ATTORNEY: GUSTAVO F. BRUCKNER
Pomerantz Monitor, January/February 2014
A recent Delaware Chancery Court decision, now on appeal before the Delaware Supreme Court, may dramatically lessen the customary safeguards for minority shareholders in controlling party transactions, such as going private mergers.
In M&F Worldwide(“MFW”), Chairman Ronald Perelman offered to acquire the remaining 57% of MFW common stock he did not already own. As part of his proposal, Perelman indicated that he expected that the “board of Directors will appoint a special committee of independent directors to consider [the] proposal and make a recommendation to the Board of Directors,” and also noted that the “transaction will be subject to a non-waivable condition requiring the approval of a majority of the shares of the Company not owned by M&F or its affiliates.”
Controlling shareholder transactions normally trigger the enhanced “entire fairness” standard of judicial review. This enhanced standard places a burden on the corporate board, and the controlling shareholder, to demonstrate that the transaction is inherently fair to the shareholders, by both demonstrating fair dealing and fair price. This is a very difficult standard for the company to meet.
However, Delaware courts have held that the burden of proof on the issue of “entire fairness” can be shifted to the plaintiff challenger if the transaction has been approved either by an independent special committee of directors or by a positive vote of a majority of the minority shareholders. Independent committee and “majority of the minority” provisions are an attempt to assure that the company and its shareholders can exercise independent judgment in deciding to accept or reject the transaction. Although shifting of the burden of proof creates a higher hurdle for minority shareholders to surmount, it is not an impossible one, because the ultimate inquiry remains the same: the “entire fairness” of the transaction.
Critically, even if these devices are used, Delaware courts have consistently held, up to now, that the business judgment rule does not protect the transaction. That rule, which protects most ordinary business decisions from shareholder challenge, is almost impossible for shareholders to overcome, because it provides that in making a business decision the directors of a corporation are presumed to have “acted on an informed basis, in good faith and in the honest belief that the action taken was in the best interests of the company.”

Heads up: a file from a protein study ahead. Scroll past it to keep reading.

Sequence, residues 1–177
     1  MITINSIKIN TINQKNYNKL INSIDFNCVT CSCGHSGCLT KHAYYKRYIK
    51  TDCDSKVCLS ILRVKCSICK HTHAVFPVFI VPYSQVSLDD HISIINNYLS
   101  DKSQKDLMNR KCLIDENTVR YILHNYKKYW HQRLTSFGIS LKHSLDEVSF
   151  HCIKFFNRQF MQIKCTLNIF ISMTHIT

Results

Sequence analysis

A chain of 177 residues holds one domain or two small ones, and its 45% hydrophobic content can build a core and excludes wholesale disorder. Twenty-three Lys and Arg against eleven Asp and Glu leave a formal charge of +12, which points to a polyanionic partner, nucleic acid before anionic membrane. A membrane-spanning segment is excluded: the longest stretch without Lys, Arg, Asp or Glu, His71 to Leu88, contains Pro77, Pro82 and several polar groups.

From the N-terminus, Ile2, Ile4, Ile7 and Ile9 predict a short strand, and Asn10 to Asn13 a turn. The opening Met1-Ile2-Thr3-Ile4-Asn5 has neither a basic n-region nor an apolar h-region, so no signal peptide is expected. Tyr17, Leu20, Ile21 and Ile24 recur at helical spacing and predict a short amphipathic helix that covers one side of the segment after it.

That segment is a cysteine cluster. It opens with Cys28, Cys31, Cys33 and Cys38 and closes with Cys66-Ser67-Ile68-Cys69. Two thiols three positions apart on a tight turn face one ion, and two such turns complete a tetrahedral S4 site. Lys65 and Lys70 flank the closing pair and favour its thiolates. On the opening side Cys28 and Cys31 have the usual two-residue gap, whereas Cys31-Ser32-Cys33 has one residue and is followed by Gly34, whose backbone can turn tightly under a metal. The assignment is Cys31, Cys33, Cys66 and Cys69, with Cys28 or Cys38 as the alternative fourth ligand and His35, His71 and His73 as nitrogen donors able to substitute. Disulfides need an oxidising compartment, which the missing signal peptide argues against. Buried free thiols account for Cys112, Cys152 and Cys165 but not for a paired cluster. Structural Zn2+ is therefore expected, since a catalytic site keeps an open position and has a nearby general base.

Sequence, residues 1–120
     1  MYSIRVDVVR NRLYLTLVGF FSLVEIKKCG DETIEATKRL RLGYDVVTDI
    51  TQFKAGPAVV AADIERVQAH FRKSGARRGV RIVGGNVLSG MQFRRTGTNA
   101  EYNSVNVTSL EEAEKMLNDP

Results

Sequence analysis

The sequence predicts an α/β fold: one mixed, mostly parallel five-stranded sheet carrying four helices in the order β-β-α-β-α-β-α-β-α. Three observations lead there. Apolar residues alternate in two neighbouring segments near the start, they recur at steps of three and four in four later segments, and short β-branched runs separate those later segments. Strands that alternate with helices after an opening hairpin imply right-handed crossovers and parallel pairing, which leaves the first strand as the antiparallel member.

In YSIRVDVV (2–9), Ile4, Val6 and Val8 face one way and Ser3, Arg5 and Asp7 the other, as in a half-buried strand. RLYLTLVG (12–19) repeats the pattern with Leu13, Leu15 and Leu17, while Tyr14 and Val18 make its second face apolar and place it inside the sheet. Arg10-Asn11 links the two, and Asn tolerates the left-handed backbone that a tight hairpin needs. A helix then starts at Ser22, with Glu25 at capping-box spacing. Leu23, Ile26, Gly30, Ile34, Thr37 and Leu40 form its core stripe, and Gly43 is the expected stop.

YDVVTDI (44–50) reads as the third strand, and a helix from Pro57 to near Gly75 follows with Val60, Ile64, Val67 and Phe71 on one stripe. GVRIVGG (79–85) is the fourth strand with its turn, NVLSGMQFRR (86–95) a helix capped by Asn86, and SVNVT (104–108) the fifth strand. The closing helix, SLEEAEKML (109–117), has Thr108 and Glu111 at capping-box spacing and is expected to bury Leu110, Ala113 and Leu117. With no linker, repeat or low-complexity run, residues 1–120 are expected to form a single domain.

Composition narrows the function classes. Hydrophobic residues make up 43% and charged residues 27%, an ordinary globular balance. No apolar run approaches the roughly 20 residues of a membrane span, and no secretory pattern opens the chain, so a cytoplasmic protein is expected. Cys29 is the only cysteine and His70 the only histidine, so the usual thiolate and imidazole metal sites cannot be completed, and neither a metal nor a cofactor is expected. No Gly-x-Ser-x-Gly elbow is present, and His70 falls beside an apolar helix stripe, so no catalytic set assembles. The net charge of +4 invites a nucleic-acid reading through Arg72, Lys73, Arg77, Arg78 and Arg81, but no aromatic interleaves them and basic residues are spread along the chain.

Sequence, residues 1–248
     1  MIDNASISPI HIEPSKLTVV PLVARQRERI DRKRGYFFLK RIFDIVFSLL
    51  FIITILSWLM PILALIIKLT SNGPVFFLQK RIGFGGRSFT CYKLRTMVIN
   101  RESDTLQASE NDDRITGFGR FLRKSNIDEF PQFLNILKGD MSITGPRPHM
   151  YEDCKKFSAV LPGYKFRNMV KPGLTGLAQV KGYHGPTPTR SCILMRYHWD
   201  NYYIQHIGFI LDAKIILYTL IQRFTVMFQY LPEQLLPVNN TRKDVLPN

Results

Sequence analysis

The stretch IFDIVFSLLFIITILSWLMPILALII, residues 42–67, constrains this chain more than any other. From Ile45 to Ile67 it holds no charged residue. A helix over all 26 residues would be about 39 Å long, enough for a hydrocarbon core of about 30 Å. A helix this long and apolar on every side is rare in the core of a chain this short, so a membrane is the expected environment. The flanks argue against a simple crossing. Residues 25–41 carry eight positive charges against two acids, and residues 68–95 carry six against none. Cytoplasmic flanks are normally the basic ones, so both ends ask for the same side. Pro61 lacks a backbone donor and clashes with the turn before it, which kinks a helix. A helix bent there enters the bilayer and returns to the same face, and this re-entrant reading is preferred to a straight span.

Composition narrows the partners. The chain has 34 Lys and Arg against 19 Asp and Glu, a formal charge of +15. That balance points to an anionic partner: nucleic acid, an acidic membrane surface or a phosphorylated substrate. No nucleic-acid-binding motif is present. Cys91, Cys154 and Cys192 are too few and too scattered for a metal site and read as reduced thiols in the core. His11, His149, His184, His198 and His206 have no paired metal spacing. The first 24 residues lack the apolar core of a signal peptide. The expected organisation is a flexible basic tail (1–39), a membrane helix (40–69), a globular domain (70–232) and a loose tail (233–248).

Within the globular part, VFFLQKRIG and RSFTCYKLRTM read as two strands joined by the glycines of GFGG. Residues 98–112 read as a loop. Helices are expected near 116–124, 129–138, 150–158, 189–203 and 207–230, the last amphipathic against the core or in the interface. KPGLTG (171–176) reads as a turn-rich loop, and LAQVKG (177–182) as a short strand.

In his decision, Chancellor Strine (who was just nominated to become the next Chief Justice of the Delaware Supreme Court), ruled that where a transaction with a controlling person is conditioned on both negotiation and approval by an independent, special committee and a fully-informed, un-coerced vote of the majority of the minority, the proper standard of review is that of business judgment. According to Chancellor Strine, because Perelman conditioned the deal on implementation of procedural protections that essentially neutralized his controlling influence, the transaction is no different from routine corporate transactions in which the deferential business judgment standard is applicable.
At oral argument, the Supreme Court seemed interested in the policy arguments both for accepting and rejecting the Chancellor’s reasoning. Chancellor Strine’s ruling, if adopted by the Supreme Court, could provide a roadmap for corporate boards to forestall litigation on even the most one-sided controlling shareholder transactions. Though too early to predict fully the repercussions of such a ruling, there is fear that institutional investors will use the power of the purse to reduce their holdings in controlled corporations over time, if their assets lose the valuable protections they are currently afforded.